Your rules and expectations of your children should be something you TELL your children – not something you ASK them to do.
On the other hand, there are times you want to make a request of your children. Something they can decide whether to do or not do. These are times when your children can learn about responsibility. They can learn that responsibility more easily if make it clear that you want a straight yes or no in answer to your request. Don’t accept a yes with no follow-through. Don’t accept ignoring the question. Don’t accept changing the subject and not answering the question. Push for a straight yes or no so that your children go on record for what they have agreed to.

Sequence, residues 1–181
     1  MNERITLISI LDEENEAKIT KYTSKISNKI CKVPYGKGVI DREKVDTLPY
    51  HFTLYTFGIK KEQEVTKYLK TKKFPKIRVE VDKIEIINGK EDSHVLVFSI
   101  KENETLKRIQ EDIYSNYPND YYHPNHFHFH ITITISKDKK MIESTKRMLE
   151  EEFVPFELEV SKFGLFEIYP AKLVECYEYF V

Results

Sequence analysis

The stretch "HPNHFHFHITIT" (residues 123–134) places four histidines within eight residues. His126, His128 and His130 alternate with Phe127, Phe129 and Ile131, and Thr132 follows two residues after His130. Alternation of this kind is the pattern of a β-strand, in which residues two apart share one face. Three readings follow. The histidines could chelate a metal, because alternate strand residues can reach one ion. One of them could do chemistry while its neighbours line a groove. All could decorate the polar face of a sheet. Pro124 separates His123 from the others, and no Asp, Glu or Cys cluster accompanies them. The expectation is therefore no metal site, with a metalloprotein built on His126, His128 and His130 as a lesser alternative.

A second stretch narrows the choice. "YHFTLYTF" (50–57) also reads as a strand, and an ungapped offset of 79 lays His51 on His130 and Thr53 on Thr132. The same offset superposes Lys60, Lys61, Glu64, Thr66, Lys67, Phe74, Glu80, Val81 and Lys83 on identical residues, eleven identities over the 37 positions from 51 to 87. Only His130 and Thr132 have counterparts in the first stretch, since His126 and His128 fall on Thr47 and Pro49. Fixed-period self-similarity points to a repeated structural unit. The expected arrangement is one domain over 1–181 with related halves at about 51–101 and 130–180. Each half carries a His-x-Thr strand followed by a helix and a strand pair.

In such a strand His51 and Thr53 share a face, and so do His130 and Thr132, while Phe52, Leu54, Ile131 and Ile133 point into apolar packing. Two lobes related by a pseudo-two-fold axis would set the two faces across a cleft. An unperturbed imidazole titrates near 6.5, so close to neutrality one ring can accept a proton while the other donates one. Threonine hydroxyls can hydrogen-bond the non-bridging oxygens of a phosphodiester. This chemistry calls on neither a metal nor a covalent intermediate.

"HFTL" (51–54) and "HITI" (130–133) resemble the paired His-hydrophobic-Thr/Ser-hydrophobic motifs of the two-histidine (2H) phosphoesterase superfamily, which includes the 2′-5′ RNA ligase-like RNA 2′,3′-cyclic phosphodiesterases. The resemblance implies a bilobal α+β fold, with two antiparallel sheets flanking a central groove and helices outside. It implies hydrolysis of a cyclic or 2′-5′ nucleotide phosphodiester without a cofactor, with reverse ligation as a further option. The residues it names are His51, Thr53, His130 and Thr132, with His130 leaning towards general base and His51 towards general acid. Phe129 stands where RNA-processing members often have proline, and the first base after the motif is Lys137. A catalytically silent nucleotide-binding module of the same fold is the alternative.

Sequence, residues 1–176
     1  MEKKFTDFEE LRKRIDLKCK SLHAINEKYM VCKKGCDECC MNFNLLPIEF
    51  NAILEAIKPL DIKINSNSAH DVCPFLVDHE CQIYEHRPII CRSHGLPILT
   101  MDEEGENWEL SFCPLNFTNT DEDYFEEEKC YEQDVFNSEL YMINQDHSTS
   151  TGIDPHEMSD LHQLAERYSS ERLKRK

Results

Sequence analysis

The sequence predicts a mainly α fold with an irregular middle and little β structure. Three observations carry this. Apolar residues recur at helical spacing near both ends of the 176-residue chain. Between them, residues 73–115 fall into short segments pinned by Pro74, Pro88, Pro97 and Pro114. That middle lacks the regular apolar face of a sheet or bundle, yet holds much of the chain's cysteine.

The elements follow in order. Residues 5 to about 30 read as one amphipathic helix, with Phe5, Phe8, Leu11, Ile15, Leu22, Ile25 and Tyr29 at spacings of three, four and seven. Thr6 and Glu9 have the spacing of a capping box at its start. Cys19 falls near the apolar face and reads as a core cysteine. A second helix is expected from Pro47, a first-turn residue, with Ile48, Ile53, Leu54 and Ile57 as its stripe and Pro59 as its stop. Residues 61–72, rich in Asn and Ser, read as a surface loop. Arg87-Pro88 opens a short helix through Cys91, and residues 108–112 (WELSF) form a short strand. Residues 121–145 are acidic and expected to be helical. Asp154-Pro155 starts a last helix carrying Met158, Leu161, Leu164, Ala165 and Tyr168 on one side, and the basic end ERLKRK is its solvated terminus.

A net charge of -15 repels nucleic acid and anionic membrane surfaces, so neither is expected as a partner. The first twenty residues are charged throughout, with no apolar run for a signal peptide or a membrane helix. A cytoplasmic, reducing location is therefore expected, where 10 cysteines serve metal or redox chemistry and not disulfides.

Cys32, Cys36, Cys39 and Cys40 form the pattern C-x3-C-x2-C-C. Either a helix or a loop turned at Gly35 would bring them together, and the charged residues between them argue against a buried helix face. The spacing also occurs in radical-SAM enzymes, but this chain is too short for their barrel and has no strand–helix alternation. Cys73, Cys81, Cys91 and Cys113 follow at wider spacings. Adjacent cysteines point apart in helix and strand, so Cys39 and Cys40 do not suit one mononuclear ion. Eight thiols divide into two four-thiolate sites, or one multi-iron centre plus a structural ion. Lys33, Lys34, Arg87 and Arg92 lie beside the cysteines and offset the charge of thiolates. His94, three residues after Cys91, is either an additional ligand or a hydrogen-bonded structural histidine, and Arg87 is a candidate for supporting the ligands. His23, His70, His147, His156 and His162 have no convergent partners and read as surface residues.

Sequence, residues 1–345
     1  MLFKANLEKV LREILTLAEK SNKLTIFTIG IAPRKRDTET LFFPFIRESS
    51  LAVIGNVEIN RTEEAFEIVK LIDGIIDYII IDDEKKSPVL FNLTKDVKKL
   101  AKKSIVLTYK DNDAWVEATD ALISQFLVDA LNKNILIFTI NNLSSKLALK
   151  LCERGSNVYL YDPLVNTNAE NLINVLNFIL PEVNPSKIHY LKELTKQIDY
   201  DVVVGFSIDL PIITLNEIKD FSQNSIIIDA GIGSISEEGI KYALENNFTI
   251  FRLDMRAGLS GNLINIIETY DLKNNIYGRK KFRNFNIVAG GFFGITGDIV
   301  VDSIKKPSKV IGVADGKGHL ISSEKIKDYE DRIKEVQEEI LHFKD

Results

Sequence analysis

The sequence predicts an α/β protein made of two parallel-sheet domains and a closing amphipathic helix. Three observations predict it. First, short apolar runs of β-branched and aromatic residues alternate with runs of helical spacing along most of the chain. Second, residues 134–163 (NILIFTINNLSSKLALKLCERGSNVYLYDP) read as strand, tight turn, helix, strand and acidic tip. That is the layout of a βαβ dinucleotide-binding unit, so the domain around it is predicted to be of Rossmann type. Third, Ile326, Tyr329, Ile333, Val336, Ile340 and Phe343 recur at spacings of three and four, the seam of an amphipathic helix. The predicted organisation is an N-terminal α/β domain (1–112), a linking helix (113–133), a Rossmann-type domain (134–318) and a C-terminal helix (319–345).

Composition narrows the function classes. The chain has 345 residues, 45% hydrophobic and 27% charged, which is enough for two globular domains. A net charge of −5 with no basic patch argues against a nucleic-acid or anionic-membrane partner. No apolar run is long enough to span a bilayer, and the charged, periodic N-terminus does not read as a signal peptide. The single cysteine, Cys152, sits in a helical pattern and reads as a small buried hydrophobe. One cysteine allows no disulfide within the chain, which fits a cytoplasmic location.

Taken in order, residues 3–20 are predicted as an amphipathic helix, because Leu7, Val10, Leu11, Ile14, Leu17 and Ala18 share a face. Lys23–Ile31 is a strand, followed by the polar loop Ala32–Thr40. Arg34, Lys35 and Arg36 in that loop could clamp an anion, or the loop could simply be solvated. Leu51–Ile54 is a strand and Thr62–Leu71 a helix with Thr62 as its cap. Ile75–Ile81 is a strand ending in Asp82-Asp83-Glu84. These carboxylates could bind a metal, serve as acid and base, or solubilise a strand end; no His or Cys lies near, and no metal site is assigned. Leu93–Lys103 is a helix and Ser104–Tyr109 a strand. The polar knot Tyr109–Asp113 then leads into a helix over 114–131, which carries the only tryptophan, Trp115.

Child doesn’t say yes or no which does not teach responsibility:
Adult: “Will you clean up the TV room?”
Child: “I have homework to do.” TV room doesn’t get cleaned up. Child has not been responsible for saying no. Child has not been responsible for saying yes and actually cleaning the room.
Expecting a yes or no to the question which helps teach responsibility:
Adult: Is that a yes or a no?
Child: Ignores the question.
Adult: I need a yes or no so I can figure out how to get the TV room cleaned up.
Adult: OK. Thanks for telling me. I will see if Jane can do it.
(Note: In this case, cleaning the TV room was not the child’s chore. This was a request. The child was free to say yes or no. If cleaning the TV room was required of the child, the adult should have told the child to clean it and not ask for it to be cleaned.)
Inspired by: SELF-ESTEEM: A FAMILY AFFAIR by Jean Illsley Clarke.